God has been moving and another $115.00 a month has been pledged since I wrote last.  Only $686.32/month to go.  We are confident that God will take care of this.  If you can be a part of this miracle by picking us up for support or increasing your pledge, we would certainly be grateful.  A pledge form can be dowloaded from our website,  It would help if you can act now.
Many thanks,
Dave and Debbie
Assemblies of God Missionaries to the Philippines
PS If you are interested in theology, missions, and spirituality, please check out
For a free chapter of my book, "Led By the Spirit: The History of the American Assemblies of God Missionaries in the Philippines," please visit to read online or download.

Thursday, August 18, 2011

The Inauguration of Jesus' Ministry Part V: The Year of God's Favor (Luke 4:16-30)

The Inauguration of Jesus’ Ministry Part V: The Year of God’s Favor (Luke 4:16-30)
By Dr. Dave Johnson
Assemblies of God Missionary to the Philippines

[This blog is the fifth in its series.  To read the first four, please visit]

In this blog, we move to the fourth parallelism that Jesus quoted in Luke 4:19 from Isaiah 61:2, “to proclaim the acceptable year of the Lord.  Isaiah’s parallelism, however, does not end there.  He goes on to say “And the day of vengeance of our God.”  That Jesus did not quote this is significant.
The “acceptable” year of the Lord can also be translated as the year of the Lord’s favor.  This phrase was understood by the Jews as a reference to the Year of Jubilee, which was set in place by God through Moses in Leviticus 25 and was to be held once every fifty years.  Consistent with the theme of liberation that runs through the passage we are considering, the year of Jubilee called for rest, relief and release that had both economic and social implications. There were four requirements:

1. The land was to lie fallow for one year, giving the land a Sabbath rest. (Leviticus 25:11-12)
2.  All debts were cancelled (Leviticus 25:31, 40-41, 54)
3.  Any Israelite who had become an indentured servant to another Israelite was freed (Leviticus 25:40-41).
4.  Ancestral lands that had been sold were returned to the original owner, serving as a reminder that the land was ultimately God’s (Leviticus 25:27-28) (m/gospel-jubilee-luke-4-19-bible-commentary-for-the-new-baptist-covenant-cms, accessed 15 August 2011.)

Practicing this would bring two positive results.  One, poverty would be greatly alleviated, if not eliminated altogether as no family would lose their most valuable asset—their land.  Two, all Israelites would live on approximately the same economic level, with no one having the economic leverage to oppress others.  Like the other commands that God had given to the children of Israel, the Year of Jubilee had been forgotten or ignored over the years.  Jesus’ statement in Luke 4:21 that this passage was being fulfilled strongly suggests that he was unilaterally instigating a Year of Jubilee as he spoke.

But what kind of Jubilee would it be?  Jesus’ hearers certainly would have expected it to be a Jubilee much like the ones in the past of which they had heard.  In order to enact a Jubilee, they would first have to get rid of the Romans and establish their government. That Jesus never lifted even a finger against Rome’s rule suggests he had another kind of Jubilee in mind.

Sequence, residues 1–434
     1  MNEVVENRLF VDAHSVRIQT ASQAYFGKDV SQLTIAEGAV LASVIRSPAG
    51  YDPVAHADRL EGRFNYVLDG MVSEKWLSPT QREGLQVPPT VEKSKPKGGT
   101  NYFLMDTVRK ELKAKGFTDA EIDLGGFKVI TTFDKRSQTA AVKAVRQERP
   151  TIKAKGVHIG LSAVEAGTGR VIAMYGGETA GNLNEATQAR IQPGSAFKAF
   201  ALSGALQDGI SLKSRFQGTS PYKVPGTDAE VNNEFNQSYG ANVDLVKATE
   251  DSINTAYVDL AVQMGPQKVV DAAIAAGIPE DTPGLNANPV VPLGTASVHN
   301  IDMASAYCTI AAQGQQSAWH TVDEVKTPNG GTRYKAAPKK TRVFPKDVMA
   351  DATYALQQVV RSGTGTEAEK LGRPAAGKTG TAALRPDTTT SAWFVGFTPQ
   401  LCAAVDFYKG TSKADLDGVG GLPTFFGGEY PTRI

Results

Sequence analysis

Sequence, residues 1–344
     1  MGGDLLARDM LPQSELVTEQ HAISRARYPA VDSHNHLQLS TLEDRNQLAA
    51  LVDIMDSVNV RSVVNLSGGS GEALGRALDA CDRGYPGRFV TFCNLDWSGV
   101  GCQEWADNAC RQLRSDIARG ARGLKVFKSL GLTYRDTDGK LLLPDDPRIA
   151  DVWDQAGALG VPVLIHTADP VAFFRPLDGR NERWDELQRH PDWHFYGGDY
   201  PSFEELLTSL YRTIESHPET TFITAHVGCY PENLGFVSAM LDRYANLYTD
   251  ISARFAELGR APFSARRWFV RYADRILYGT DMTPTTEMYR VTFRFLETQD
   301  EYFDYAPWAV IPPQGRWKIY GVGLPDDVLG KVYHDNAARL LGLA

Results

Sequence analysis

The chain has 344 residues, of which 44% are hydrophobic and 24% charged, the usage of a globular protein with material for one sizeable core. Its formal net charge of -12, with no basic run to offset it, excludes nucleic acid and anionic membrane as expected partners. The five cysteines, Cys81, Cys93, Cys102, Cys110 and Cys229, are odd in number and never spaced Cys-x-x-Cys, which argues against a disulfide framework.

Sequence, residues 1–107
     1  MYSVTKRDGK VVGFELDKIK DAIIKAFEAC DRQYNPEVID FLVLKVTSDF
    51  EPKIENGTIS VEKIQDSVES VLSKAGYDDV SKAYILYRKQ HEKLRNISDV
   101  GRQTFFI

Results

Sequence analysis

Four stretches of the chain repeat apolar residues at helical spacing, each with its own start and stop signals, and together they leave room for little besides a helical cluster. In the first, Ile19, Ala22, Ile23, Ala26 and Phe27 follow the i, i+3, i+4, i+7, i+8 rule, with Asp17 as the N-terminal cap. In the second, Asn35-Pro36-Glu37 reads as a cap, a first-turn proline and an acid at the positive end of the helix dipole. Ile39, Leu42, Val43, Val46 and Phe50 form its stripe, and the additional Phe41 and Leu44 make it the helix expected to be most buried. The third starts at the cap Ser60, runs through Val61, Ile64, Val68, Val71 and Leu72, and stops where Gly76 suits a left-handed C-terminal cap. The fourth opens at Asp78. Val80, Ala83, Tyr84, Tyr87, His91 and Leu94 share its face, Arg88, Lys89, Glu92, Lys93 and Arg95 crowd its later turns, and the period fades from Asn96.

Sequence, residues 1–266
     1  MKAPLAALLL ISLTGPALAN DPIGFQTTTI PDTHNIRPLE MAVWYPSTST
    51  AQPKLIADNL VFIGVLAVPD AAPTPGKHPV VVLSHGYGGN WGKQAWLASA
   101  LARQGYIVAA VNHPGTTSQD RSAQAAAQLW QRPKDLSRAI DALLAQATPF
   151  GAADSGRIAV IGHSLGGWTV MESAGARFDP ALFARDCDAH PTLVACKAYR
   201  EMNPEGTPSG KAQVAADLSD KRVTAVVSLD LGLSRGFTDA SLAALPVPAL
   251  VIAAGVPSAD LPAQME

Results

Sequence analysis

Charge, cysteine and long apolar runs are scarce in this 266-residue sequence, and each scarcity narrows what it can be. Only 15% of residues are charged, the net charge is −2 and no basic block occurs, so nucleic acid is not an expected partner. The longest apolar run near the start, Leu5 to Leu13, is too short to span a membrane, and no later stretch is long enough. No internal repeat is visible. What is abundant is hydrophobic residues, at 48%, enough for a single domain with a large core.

The Jubilee Jesus had in mind involved the cancellation of sin’s penalty and power.  Mankind would indeed be released from slavery—the slavery to sin.  At the Cross, as the old hymn goes, “mercy there was great and grace was free, pardon there was multiplied to me.”  By finishing the reading of the text here, he was emphasizing what the focus of his ministry would be.  But there is a deeper reason why he did not finish the parallelism.

In I Peter 1:9-12, we learn that while the Old Testament prophets did understand part of their prophecies, they did not know the time or manner in which they would be fulfilled.  This is especially true in regards to Messianic prophecies where the prophet could not tell the difference between the first coming of Christ and his second advent and would often mix the two in one prophecy. They saw the two advents of Christ like mountain peaks.  From a distance the peaks appeared to be right next to each other.  From the prophet’s vantage point, they could not see that there was a wide valley in between them.

The implications of this for all of Jesus’ followers in our generation should be abundantly clear.  We are still living in the Jubilee, the time of God’s favor.  Now is the season or day of salvation.  Now is the time to redouble our efforts in taking the gospel to the ends of the earth.  What we must do, we must do quickly, because judgment is coming. When Christ returns he will come as King of Kings and Judge over all the earth. Just as sure as he can the first time, he shall remain.

The fact that Jesus did not include the last part of this parallelism was undoubtedly part of what irked his listeners.  Ardent nationalists that they were, they longed for the Messiah to come and throw off Rome’s oppressive rule. But this part of the story, as well as a summation of Jesus’ claim to be the expected Messiah, are still ahead of us. 

*All Scripture references are from the New King James Version unless otherwise noted.

PLEASE NOTE: Permission is hereby given to forward, print, and post this blog as long as it is done as a complete blog, and its authorship is acknowledged. Thank you for your cooperation.  For automatic notification of future blogs please visit and click on “follow.”

Copyright 2011 Dr. Dave Johnson